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Flashing LEDs with a switch

The curse

There's an old legend that tells the woeful tale of an electronics hobbyist who was experimenting with a new type of microcontroller. Once he understood the basics of the new device and its instruction set, he proceeded to write a terrific program that allowed the microcontroller to monitor the temperature of his personal computer processor...
After considering debugging, the program was ready to be entered into the microcontroller for a test run. The hobbyist burned the software into the device, plugged it into the hardware, and placed the temperature sensor in the proper place inside his computer. He then fired up the PC and sat back, admiring his new project. Everything was ready for a trial. With the flip of a switch, power was applied to the temperature sensor and, voilà, the microcontroller, with the dedicated temperature-sensing code, worked flawlessly! The LCD display came alive with the proper information, and each time the temperature changed, the display accurately indicated that change. Yes, it was a brillant effort!
The only problem seemed to be that at the instant the hobbyist activated the power switch, a dark and very dense cloud of smoke rose around the chair he was seated in. When the smoke finally cleared, he was nowhere to be found. All that was left was a few wisps from the original thick haze, rising from the chair. He had vanished - never to be seen again, alive or otherwise!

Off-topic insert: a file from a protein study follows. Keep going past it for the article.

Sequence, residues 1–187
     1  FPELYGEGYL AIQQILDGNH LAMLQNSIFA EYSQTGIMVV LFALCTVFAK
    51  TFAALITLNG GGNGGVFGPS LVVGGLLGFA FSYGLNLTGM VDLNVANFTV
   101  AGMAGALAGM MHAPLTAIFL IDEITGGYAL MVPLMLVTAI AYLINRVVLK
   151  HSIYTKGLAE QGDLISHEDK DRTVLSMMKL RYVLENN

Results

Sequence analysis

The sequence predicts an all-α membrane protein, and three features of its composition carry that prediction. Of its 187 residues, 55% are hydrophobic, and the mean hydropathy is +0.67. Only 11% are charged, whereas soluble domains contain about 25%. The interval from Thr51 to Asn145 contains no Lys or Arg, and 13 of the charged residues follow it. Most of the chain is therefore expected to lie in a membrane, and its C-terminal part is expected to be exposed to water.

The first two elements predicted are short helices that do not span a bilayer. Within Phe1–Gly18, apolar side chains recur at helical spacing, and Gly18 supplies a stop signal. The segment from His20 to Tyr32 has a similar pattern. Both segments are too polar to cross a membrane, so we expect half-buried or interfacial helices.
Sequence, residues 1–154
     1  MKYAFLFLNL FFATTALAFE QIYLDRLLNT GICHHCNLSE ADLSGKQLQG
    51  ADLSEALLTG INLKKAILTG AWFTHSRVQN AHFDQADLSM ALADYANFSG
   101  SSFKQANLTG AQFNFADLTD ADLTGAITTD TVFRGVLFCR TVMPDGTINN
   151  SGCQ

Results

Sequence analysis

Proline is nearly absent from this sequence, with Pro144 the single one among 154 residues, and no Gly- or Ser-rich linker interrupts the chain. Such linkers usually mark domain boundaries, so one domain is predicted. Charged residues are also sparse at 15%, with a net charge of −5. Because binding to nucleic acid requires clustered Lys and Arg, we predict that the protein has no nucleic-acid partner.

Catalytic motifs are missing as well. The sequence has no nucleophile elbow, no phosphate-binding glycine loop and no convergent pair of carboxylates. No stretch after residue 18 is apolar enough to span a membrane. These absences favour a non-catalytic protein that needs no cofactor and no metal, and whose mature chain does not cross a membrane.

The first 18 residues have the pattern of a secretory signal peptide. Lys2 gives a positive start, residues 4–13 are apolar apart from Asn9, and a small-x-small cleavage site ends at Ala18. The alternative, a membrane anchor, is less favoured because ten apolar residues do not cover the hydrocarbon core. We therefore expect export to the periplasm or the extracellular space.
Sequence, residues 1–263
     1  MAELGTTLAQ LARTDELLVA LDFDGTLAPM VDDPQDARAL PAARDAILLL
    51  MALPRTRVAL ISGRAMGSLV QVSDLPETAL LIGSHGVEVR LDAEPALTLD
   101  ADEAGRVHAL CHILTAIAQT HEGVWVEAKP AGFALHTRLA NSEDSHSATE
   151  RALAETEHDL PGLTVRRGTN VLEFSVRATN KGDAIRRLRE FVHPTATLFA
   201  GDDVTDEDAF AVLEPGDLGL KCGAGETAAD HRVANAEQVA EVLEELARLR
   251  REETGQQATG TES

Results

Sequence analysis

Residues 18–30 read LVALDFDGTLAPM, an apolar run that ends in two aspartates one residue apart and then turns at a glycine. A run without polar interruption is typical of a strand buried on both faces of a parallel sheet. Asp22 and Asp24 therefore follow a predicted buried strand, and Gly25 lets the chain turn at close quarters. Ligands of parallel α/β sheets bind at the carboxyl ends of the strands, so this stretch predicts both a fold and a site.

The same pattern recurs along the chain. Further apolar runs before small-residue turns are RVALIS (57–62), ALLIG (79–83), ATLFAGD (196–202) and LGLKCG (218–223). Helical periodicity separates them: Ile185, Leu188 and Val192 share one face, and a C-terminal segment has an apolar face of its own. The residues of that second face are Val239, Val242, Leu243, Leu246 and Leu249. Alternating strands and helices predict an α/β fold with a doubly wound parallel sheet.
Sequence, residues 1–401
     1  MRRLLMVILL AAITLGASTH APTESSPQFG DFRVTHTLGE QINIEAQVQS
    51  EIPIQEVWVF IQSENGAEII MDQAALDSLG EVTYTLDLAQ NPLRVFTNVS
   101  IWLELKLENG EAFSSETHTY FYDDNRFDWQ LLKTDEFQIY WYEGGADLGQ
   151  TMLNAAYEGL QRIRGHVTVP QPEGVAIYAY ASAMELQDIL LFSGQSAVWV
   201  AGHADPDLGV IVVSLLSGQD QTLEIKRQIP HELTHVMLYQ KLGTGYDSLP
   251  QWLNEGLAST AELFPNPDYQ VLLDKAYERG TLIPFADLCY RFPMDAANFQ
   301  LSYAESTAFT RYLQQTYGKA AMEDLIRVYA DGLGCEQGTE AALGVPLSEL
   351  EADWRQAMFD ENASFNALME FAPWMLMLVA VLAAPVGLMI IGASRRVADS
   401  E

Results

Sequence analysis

After an exhaustive, but inconclusive, investigation it was determined that the hobbyist had commited the unforgivable sin of not making his first project, regarding the new microcontroller, a light-emitting diode (LED) flasher. This unacceptable error resulted in his banishment to a as-yet-not-totally-understood place (probably floating in limbo for eternity). There was simply no other rational explanation. Other theories were proposed, but considering the legend of "the curse" associated with not flashing an LED first, these were rejected, and the case of this hobbyist's disappearance was closed forever.

Excerpt from "Guide to PICMICRO Microcontrollers", by Carl Bergquist

Schema of the circuit

Code

'{$STAMP BS2}

infiniteLoop: 'label

'if button is pressed, goto subroutine Flash
IF IN1 = 1 THEN Flash

GOTO infiniteLoop 'loop

 

Flash: 'subroutine labeled Flash

HIGH 0 'turn on LED
PAUSE 1000 'wait 1 second
LOW 0 'turn off LED
PAUSE 1000 'wait 1 second

RETURN 'go back to the rest of the program

 

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vincent leclerc . v@uttermatter.com . 11-19-2003
sharerights extended to all
i am not responsible for any problems caused by suggestions made in this workshop